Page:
MARIE Macklin doesn’t have anything against Scotland’s biggest urban centres – in fact, she names Glasgow as her favourite city in the world.
She does, however, argue convincingly on behalf of the country’s smaller towns, many of which have been scarred by shop closures and disrepair.
Such is the case in Kilmarnock, home to Macklin’s Klin Group and numerous examples of both the problems she describes and their potential solutions.
Klin’s headquarters illustrates the latter. The previously abandoned listed buildings that were once home to locomotive builder Andrew Barclay Sons & Co have been transformed into offices, apartments and a modern heritage centre – complete with Drake 2086, an engine built by Barclay in the early 1940s for the war effort.
A three-minute walk towards the town centre brings another success story into view: the Opera House on John Finnie Street, which lay derelict for 12 years after it was partially destroyed by fire. Today, the listed façade fronts modern offices for more than 300 council employees.
But with other properties further along the street in need of similar treatment, regeneration remains a work in progress. Despite the challenges, Macklin says smaller centres like Kilmarnock could still thrive.
“It doesn’t have to be Glasgow or Edinburgh that creates a new economy for Scotland,” she argues. “Your towns are important as well. For the next five years, we want to concentrate on the larger towns in Scotland. For too long, Scottish towns have been forgotten.”
Klin is a collection of development and property investment companies originally set up by Macklin’s father, John Dick, as a construction business in 1988. Owned by Macklin since 2003, Klin now specialises in the regeneration of brownfield sites.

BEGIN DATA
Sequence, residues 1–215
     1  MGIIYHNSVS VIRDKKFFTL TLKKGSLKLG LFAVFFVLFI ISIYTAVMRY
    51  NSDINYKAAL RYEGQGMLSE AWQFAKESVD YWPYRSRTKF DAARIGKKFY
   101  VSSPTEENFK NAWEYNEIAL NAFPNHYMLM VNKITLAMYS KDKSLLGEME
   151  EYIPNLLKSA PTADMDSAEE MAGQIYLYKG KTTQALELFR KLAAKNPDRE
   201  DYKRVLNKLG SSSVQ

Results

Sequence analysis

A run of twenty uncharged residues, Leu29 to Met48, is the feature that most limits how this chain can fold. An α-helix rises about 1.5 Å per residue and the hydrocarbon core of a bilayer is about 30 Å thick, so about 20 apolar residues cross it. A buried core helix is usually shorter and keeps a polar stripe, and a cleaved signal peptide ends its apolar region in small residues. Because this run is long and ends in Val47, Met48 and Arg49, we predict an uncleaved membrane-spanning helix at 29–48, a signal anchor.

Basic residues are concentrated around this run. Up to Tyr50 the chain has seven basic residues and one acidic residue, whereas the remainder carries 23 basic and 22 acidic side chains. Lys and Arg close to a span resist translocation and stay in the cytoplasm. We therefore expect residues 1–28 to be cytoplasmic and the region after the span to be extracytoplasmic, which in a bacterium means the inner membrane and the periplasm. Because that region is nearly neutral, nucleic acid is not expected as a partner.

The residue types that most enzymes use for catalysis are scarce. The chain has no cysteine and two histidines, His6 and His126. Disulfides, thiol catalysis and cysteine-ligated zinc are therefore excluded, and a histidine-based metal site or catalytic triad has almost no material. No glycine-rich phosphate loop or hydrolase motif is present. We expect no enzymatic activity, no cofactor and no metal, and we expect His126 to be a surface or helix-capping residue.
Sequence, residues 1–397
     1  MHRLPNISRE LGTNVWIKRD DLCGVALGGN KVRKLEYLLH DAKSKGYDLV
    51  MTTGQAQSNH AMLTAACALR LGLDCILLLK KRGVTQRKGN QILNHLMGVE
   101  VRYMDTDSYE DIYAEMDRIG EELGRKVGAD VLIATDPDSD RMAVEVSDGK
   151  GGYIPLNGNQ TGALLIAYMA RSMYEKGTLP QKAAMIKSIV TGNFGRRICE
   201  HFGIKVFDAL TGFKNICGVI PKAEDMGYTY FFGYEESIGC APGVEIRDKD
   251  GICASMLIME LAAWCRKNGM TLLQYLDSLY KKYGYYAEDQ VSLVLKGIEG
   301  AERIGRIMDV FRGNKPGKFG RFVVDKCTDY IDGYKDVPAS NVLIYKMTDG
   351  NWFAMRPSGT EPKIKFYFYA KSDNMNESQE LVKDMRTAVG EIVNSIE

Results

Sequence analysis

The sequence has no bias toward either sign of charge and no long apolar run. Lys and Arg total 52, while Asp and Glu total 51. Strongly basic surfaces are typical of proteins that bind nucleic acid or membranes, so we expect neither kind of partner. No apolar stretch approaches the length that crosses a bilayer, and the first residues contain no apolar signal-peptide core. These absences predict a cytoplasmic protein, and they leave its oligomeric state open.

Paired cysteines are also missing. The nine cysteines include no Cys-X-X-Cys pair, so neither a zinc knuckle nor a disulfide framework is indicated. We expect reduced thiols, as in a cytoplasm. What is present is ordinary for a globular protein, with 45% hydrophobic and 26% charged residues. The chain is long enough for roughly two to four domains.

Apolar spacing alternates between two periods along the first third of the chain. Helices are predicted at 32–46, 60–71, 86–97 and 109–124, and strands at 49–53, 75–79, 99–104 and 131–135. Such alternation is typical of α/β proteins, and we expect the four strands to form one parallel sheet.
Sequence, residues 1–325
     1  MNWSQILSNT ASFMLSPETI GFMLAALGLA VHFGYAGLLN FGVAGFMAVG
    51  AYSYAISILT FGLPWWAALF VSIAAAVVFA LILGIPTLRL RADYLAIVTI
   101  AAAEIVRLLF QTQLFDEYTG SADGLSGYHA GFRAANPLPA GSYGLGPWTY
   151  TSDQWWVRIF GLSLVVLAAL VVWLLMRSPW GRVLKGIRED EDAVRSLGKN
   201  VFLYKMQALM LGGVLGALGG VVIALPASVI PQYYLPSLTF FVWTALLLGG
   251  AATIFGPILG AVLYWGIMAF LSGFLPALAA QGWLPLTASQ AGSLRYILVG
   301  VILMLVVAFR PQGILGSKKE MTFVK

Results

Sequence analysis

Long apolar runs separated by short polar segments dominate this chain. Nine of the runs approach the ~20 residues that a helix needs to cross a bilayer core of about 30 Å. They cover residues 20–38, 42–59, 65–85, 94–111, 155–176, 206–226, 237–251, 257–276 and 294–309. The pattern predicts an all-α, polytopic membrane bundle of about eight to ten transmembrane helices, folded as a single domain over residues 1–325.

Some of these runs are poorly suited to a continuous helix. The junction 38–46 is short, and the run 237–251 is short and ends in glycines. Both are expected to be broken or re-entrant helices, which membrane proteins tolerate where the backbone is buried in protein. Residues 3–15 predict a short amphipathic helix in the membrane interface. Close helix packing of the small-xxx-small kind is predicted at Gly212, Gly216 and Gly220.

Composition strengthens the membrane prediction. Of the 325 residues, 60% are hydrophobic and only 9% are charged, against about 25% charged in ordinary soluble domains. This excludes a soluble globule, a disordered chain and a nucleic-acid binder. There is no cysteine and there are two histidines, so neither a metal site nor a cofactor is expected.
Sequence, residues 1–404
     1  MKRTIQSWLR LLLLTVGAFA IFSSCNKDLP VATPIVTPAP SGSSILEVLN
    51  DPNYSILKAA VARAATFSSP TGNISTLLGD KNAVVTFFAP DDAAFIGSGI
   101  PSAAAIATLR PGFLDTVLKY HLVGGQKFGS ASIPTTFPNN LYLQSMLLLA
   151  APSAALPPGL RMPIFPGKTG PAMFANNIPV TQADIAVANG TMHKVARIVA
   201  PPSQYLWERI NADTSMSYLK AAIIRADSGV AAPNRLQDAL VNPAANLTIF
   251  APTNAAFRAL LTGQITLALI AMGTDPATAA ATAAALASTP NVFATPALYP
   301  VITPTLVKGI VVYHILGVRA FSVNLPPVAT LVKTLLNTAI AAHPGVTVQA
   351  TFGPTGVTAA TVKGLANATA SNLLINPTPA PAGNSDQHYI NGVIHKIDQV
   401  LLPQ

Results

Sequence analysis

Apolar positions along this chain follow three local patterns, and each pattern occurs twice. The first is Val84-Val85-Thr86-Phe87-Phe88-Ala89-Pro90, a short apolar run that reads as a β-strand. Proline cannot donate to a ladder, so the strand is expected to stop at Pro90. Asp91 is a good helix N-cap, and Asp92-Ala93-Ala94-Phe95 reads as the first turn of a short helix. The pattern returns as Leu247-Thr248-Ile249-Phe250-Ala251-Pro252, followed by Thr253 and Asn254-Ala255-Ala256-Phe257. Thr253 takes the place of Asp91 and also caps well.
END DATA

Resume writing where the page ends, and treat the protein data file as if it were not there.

Born and raised in Kilmarnock, Macklin has frequented construction sites since the age of three thanks to her father, a bricklayer by trade who worked his way up into the management of construction companies before setting up on his own.
After Kilmarnock Academy, Macklin began her career training in accountancy before moving into banking. By the mid-1990s she was employed in debt factoring and company rescue by Royal Bank of Scotland, but also worked in her spare time at the family business.
It was during this period that Klin became one of the first private sector investors in the regeneration of the Tollcross area of Glasgow.
“We saw opportunities there through the 90s during my father’s regime,” Macklin recalls. “I was still working at the bank but also helping out at weekends – I sold my first house there.”
The company was growing at a rapid clip, and by 1999 Macklin had decided to leave the bank and join Klin full-time as finance director. She and husband Drew – a quantity surveyor and Klin’s commercial director – bought out the entire family shareholding four years later, after her father fell ill.